Neural activity that reflects the intention to drink alcohol is observed in the prefrontal cortex and is blunted in rats with a family history of excessive drinking, according to research from eNeuro. This insight could lead to novel treatments for alcohol use disorders.
The prefrontal cortex is a brain region involved in decision-making that becomes active before a behavior is initiated, indicating intention. David Linsenbardt, Nicholas Timme, and Christopher Lapish at Indiana University ̶ Purdue University Indianapolis investigated neural activity in the prefrontal cortex to determine if it encodes the intention to consume alcohol.
Linsenbardt’s team compared activity before and during alcohol consumption in two types of rats. One modeled a family history of alcohol abuse, while the other lacked this family history. The prefrontal cortex was active during consumption in both types of rats, but only active pre-consumption in the rats without a family history of drinking.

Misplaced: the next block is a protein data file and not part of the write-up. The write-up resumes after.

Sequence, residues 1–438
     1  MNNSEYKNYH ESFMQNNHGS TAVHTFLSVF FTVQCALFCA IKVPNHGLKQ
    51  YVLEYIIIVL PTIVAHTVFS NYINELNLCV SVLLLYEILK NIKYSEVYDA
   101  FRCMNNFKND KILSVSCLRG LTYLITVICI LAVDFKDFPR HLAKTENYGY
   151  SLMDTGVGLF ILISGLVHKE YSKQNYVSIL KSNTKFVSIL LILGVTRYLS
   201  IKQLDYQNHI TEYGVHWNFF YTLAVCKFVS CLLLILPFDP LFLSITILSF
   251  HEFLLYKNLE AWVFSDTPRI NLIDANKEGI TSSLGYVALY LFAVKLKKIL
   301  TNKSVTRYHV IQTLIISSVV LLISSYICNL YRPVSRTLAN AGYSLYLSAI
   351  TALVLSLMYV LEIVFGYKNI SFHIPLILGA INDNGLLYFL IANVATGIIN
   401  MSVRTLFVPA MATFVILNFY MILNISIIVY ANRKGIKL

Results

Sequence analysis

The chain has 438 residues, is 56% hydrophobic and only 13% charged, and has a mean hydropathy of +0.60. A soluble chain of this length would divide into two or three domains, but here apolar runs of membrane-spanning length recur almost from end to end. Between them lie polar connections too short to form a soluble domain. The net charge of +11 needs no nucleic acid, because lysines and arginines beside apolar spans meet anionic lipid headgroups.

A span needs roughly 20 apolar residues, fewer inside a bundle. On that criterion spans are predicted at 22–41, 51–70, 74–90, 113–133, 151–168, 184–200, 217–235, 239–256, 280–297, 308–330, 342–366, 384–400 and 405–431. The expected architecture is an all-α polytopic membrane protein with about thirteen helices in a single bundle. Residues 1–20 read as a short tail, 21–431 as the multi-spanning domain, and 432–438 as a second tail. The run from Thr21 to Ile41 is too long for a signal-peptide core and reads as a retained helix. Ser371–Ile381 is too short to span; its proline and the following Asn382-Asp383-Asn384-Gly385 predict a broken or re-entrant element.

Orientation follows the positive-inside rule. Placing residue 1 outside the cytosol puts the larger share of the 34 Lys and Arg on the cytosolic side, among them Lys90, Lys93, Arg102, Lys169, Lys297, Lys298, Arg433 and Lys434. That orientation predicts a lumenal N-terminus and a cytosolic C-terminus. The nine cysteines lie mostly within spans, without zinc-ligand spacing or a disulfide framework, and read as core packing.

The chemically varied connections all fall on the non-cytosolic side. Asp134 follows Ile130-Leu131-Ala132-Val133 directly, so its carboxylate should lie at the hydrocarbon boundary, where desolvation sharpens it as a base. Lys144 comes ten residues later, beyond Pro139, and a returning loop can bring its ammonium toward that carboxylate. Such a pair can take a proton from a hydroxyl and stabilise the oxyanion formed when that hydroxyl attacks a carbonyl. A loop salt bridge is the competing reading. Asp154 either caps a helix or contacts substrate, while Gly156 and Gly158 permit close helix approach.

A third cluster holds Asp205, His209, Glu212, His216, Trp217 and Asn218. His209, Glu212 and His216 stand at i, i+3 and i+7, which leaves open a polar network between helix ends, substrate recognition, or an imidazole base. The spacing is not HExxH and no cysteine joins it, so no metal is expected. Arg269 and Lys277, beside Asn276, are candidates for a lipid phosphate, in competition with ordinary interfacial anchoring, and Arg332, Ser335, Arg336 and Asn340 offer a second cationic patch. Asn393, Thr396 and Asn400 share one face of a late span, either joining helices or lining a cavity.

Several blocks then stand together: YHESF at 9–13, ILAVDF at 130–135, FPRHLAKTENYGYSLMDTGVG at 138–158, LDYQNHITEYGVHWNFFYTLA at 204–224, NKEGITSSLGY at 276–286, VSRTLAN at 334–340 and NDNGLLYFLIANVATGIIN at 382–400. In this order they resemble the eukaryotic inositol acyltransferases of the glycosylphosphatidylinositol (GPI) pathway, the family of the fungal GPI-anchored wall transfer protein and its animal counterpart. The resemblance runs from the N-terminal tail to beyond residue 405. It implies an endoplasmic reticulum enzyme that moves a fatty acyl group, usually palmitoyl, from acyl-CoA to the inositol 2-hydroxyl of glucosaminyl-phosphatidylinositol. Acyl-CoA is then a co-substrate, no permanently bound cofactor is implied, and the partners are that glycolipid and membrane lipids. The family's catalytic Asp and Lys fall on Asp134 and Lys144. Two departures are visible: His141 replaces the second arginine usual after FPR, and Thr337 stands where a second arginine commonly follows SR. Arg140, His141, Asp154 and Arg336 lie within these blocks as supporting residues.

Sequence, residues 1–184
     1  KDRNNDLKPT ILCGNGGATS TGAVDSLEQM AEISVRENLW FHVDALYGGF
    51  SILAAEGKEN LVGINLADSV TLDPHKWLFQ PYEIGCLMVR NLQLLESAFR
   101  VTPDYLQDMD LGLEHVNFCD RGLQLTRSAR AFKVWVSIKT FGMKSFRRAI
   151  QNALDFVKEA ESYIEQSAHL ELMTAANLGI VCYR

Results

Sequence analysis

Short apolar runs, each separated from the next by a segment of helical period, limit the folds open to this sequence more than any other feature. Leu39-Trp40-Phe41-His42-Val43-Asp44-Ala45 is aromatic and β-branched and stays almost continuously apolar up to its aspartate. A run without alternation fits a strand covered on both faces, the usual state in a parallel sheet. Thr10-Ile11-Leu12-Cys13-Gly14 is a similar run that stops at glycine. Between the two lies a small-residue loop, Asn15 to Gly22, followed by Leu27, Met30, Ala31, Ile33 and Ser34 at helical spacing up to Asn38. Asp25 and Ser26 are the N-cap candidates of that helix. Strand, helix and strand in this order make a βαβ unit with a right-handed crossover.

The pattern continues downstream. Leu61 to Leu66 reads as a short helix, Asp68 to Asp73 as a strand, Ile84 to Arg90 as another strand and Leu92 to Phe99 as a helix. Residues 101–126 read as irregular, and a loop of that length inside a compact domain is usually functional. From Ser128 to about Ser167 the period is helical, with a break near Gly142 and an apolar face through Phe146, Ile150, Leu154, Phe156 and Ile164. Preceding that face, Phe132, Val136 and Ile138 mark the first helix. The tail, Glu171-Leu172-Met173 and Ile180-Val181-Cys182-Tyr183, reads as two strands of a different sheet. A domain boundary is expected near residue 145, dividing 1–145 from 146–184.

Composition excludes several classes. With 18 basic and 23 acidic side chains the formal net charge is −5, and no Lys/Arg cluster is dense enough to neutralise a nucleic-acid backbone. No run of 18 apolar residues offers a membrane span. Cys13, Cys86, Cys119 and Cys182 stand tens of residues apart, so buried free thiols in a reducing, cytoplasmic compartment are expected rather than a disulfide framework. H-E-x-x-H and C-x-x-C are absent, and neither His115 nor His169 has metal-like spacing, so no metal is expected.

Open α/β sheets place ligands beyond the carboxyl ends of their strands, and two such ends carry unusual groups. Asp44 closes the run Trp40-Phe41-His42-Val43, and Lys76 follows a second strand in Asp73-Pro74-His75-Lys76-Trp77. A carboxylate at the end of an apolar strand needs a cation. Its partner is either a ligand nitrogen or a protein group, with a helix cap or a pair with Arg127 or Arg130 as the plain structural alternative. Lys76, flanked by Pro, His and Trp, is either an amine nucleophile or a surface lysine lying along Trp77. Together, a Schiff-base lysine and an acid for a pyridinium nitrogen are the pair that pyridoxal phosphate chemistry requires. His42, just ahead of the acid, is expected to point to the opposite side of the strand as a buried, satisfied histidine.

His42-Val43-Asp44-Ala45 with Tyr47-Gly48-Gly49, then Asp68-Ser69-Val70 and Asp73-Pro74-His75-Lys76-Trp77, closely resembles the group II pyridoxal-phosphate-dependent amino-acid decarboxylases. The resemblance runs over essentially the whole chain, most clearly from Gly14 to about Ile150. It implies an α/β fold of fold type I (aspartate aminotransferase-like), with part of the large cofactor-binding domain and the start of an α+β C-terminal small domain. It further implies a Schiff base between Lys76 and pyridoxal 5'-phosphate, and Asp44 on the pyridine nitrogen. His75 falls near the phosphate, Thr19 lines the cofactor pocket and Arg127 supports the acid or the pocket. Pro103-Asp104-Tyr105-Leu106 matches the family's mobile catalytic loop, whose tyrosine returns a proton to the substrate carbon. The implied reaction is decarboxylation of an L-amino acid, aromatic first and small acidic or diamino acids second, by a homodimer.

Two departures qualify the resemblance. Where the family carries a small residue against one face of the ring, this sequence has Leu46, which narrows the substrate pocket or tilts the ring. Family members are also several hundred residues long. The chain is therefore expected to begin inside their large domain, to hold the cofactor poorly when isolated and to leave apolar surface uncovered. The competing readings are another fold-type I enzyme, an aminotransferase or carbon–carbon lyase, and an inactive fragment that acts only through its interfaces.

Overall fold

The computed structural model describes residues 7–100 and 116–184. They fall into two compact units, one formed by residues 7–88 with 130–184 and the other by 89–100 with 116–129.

These findings suggest that the prefrontal cortex directly encodes the intention to consume alcohol but less so in those with greater risk of abusing alcohol. Restoring prefrontal cortex activity in individuals with a predisposition to over-drink could be a new approach for treating alcohol use disorders.
Linsenbardt, D.N. et al. (2019) Encoding of the Intent to Drink Alcohol by the Prefrontal Cortex is blunted in Rats with a Family History of Excessive Drinking. eNeuro. doi.org/10.1523/ENEURO.0489-18.2019.